I was listening to an interesting discussion about the “casual dining” groups of restaurants the other day, i.e. Red Lobster and Olive Garden just to refresh your memory. Is it surprising to learn they’re losing business? When was the last time you couldn’t wait to go to Olive Garden?
Things have changed but it doesn’t seem like they noticed.
It appears that people are dining out less; they’re also dining in different places.
The millenniums aren’t really interested in going to their “grandmother’s restaurant,” think about it. They also are eating less and are looking for what they consider “healthier food.”
Red Lobster has changed the outside of the building, added a canopy and moved the bar closer to the entrance. Still business continues to spiral down. Of course, I hear the lines to Red Lobster in certain parts of the country, Florida, for instance, are still unbelievable. It’s still not enough business. Personally, I am appalled by the lobsters in the tank by the cash register.
Casual dining in general has been hit by the economy. It’s no longer fast and the food hasn’t changed for years.
Where is everyone going? They’re going to “fast casual restaurants ” lead by Panera’s. The perception of Panera’s is healthy, faster and customizable food. If you don’t want potato chips, you can have an apple with your ½ sandwiches and soup or salad. You can use their WIF; we know their left-over bread, and pastries go to the food Pantry. MyPaneras’ club lets you know when they’re holding events, having tastings and offer baking tips.
What does this mean to your business?
If your business has been around for a long time, like our “casual restaurants” have, you should know the latest trends that might affect your business. It’s not hard to pay attention to your customers and the trends; you just have to ask them.
The casual diners are jumping ship and going to places like Chipotle where the look and the place is different. How did they miss it? You can’t sit around and do nothing while the world is changing and expect to thrive.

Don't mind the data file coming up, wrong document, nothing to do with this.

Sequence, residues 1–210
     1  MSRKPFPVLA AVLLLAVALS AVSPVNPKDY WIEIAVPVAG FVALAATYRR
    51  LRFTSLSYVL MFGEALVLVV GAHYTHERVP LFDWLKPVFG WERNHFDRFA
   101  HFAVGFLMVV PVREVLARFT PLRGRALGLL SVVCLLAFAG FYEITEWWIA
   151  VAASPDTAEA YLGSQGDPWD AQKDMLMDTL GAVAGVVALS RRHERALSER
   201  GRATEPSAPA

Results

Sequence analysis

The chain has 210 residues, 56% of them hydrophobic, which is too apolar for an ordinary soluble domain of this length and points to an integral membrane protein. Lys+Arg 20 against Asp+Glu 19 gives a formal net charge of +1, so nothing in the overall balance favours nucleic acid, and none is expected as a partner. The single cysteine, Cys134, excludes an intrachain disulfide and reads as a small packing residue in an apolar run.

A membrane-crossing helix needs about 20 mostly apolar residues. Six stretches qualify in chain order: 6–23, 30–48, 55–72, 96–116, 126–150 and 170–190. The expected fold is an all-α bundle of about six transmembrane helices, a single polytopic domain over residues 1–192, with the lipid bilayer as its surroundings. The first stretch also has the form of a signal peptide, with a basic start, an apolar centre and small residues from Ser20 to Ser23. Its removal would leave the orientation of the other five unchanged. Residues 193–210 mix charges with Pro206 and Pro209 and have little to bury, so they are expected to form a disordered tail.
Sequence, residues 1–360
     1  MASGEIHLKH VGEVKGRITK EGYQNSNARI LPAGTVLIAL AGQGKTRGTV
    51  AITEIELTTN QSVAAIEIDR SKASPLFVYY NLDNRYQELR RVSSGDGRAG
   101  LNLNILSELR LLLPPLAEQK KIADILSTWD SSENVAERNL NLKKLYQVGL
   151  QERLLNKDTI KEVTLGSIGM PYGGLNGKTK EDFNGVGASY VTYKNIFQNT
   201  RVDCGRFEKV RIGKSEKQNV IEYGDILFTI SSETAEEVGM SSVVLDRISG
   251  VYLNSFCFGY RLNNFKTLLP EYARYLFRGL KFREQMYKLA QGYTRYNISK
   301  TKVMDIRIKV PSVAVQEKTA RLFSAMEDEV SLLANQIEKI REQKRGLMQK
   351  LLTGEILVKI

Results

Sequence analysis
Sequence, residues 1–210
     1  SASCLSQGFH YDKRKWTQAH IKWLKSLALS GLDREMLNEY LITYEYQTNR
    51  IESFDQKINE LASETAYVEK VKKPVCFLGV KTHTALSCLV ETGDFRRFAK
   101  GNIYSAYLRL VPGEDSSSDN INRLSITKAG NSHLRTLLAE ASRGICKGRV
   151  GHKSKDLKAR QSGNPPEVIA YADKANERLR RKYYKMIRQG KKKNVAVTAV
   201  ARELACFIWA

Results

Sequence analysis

You need to check out the trends. Your next customer is the Millenniums; they think differently and want distinct things. They also want everything done fast. You can only live on your old customers so long before they disappear. Once this happens, it may be too late to change.
Survey your customers, the new ones. Ask them where they’re hanging out and why, what do they think about retail and what changes would they like? I’ve mentioned before that my grocery store recently put in a “wellness center.” This is definitely something “out of the box.”
Survey the customers whom you’ve lost. The average business loses 10% of its customers yearly. If our “casual dining restaurants” had done some interviewing they would have learned interesting things for their business.
Get to know your customers.Apparently Target has built a mathematical model to predict when its female customers are going to give birth!. Maybe you don’t know your customers that well but by doing surveys and holding events for your customers you will get to know them better. Hold events in your store that will make your customer feel like they belong.
The best thing a business can do is find ways to get emotionally involved with their customers. This doesn’t mean marrying them, but almost.
Lisbeth Calandrino has been providing business coaching for businesses for the past twenty years. Her new book, “50 Events to Drive Traffic to Your Store” will be available on Amazon in June 2014. To have Lisbeth to provide training in your store, reach her at Lcalandrino@nycap.rr.com or 518-495-5380.